Jesus went without comfort so that you might have it. He postponed joy so that you might share in it. He willingly chose isolation so that you might never be alone in your hurt and sorrow. He had no real fellowship so that fellowship might be yours, this moment. This alone is enough cause for great gratitude!
There is this fine line between presenting to You all of my weakness and thinking that it can't be done. In Your strength, I find my own.
Joni discovered the best way to put the halter on her horse without being animal resisting and fleeing was to turn her back until he nuzzled up to her. At that point, she could slip the halter on. Just so, she surmises, sometimes God waits for us to turn our backs on what we desire most and to trust Him.
Here at our ministry we refuse to present a picture of “gentle Jesus, meek and mild,” a portrait that tugs at your sentiments or pulls at your heartstrings. That’s because we deal with so many people who suffer, and when you’re hurting hard, you’re neither helped nor inspired by a syrupy picture of the Lord, like those sugary, sentimental images many of us grew up with. You know what I mean? Jesus with His hair parted down the middle, surrounded by cherubic children and bluebirds.Come on. Admit it: When your heart is being wrung out like a sponge, when you feel like Morton’s salt is being poured into your wounded soul, you don’t want a thin, pale, emotional Jesus who relates only to lambs and birds and babies.You want a warrior Jesus.You want a battlefield Jesus. You want his rigorous and robust gospel to command your sensibilities to stand at attention.To be honest, many of the sentimental hymns and gospel songs of our heritage don’t do much to hone that image. One of the favorite words of hymn writers in days gone by was sweet. It’s a term that down’t have the edge on it that it once did. When you’re in a dark place, when lions surround you, when you need strong help to rescue you from impossibility, you don’t want “sweet.” You don’t want faded pastels and honeyed softness.You want mighty. You want the strong arm an unshakable grip of God who will not let you go — no matter what.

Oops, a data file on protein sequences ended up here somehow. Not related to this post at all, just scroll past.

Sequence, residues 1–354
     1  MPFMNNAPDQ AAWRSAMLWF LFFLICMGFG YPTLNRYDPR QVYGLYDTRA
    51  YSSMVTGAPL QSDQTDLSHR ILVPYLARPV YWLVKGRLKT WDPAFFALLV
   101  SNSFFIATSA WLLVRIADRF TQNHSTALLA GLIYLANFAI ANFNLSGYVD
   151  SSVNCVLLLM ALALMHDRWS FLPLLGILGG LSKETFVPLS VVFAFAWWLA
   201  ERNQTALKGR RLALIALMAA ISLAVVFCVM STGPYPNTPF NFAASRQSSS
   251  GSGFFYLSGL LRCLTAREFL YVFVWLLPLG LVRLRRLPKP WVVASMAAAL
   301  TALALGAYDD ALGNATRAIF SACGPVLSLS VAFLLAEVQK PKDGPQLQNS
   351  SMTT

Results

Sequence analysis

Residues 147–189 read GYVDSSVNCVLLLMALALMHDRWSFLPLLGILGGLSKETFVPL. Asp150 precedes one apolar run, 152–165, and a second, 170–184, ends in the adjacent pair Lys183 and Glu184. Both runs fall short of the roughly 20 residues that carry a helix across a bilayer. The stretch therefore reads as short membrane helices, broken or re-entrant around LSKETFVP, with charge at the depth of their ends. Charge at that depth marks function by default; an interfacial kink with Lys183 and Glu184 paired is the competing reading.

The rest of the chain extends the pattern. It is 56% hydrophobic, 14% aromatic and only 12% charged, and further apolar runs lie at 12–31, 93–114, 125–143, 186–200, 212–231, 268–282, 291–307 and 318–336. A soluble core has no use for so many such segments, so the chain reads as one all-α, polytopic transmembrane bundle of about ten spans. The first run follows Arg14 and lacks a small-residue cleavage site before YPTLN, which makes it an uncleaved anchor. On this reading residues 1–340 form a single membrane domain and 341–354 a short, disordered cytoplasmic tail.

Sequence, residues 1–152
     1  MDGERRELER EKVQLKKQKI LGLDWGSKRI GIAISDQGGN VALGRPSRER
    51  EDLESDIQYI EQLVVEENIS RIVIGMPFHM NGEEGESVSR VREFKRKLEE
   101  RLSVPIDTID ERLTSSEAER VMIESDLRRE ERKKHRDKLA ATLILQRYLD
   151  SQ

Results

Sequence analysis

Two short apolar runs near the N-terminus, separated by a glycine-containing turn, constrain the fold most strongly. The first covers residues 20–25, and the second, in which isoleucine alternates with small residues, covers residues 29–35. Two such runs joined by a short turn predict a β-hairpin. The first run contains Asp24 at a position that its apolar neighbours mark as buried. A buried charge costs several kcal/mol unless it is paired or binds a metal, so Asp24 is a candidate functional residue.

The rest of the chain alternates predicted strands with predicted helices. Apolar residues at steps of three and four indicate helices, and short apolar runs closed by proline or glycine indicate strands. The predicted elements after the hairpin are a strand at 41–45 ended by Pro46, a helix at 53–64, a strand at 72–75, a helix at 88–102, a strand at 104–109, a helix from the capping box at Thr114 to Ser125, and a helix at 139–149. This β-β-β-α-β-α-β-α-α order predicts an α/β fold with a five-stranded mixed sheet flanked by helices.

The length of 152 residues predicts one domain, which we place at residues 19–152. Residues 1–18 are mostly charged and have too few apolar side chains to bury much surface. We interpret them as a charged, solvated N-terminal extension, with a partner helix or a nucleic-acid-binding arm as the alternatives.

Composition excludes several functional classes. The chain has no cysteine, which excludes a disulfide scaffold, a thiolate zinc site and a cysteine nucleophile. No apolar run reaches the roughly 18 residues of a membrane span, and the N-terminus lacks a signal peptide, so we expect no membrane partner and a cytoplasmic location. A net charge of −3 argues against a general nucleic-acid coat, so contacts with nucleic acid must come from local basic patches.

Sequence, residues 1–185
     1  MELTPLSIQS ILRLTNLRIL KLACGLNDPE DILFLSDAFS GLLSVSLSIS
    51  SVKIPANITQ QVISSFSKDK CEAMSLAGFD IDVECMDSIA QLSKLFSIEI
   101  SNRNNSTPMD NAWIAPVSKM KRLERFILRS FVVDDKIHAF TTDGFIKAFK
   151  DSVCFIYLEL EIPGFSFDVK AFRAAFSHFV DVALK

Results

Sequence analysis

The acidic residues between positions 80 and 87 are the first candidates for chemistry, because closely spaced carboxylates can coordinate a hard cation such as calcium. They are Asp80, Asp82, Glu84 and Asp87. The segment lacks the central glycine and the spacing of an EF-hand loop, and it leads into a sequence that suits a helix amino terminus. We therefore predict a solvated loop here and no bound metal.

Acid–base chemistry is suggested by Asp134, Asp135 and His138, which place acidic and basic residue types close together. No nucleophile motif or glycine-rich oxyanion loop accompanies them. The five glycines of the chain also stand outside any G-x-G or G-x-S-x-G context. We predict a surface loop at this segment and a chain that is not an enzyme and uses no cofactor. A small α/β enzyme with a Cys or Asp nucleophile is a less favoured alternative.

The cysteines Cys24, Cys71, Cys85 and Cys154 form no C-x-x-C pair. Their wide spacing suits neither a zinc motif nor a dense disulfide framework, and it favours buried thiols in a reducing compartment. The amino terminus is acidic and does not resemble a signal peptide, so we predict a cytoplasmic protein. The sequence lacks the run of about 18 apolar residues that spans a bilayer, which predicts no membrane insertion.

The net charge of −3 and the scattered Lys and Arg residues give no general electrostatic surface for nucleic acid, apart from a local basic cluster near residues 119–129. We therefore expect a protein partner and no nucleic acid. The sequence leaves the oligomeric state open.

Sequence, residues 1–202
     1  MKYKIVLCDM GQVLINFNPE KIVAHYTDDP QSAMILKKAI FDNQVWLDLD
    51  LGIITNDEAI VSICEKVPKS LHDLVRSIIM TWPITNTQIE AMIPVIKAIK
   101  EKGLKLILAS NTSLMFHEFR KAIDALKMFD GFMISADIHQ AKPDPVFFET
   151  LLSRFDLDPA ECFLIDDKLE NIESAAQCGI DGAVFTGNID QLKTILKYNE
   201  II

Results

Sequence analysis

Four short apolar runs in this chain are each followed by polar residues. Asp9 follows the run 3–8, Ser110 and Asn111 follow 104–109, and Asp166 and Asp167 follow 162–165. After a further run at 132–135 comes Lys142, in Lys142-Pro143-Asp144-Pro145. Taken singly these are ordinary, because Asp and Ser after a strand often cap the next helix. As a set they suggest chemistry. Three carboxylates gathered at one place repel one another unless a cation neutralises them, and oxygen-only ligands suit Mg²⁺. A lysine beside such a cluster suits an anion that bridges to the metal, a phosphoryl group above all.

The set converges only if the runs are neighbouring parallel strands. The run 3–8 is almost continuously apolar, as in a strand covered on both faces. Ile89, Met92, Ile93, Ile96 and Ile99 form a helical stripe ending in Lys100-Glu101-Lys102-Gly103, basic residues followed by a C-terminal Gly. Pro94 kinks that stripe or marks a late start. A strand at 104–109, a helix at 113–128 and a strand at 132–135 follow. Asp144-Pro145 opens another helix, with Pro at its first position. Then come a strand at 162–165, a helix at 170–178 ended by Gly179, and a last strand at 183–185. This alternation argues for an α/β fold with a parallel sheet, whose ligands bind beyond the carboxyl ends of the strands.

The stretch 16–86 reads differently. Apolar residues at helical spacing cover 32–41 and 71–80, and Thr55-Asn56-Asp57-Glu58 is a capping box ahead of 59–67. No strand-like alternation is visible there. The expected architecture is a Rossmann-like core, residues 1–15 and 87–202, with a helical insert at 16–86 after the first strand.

Only God is capable of telling us what our rights and needs are. You have to surrender that right to Him.
Referencing 2 Corinthians 4:6, Robert Hewitt compares jars of clay in the first century to the same value we would put on a cardboard box. Joni Eareckson Tada queries whether we would question God's right to leave some holes in the box in order to give glimpses of the treasure inside
None of us, in our culture of comfort, know how to prepare ourselves for dying, but that's what we should do every day. Every single day, we die a thousand deaths.
My weakness, that is, my quadriplegia, is my greatest asset because it forces me into the arms of Christ every single morning when I get up.
I have an interesting perspective on depending on others. I think it gives people a chance to serve. And I'm not so much big on independence, as I am on interdependence. I'm not talking about co-dependency, I'm talking about giving people the opportunity to practicing love with its sleeves rolled up.
In the Christian faith, God really puts suffering front and center. He doesn't get squeamish about it.
Alzheimer's disease is never an 'accident' in a marriage. It falls under the purview of God's sovereignty. In the case of someone with Alzheimer's, this means God's unconditional and sacrificial love has an opportunity to be even more gloriously displayed in a life together.
Like all good citizens, the elderly and people with disabilities want to eradicate waste and fraud from government, but helping people with special needs meet their basic needs doesn't fit this description.